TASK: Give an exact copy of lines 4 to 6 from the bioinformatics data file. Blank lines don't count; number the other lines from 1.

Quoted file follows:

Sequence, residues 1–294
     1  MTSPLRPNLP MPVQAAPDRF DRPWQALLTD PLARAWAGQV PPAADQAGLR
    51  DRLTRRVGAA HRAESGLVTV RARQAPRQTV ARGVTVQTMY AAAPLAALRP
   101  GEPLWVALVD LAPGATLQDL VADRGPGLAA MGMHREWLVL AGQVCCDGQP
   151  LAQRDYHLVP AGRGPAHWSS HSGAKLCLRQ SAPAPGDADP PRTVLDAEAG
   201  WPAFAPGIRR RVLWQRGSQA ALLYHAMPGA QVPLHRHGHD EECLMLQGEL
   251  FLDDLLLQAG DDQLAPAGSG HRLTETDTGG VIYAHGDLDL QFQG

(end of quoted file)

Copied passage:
   101  GEPLWVALVD LAPGATLQDL VADRGPGLAA MGMHREWLVL AGQVCCDGQP
   151  LAQRDYHLVP AGRGPAHWSS HSGAKLCLRQ SAPAPGDADP PRTVLDAEAG
   201  WPAFAPGIRR RVLWQRGSQA ALLYHAMPGA QVPLHRHGHD EECLMLQGEL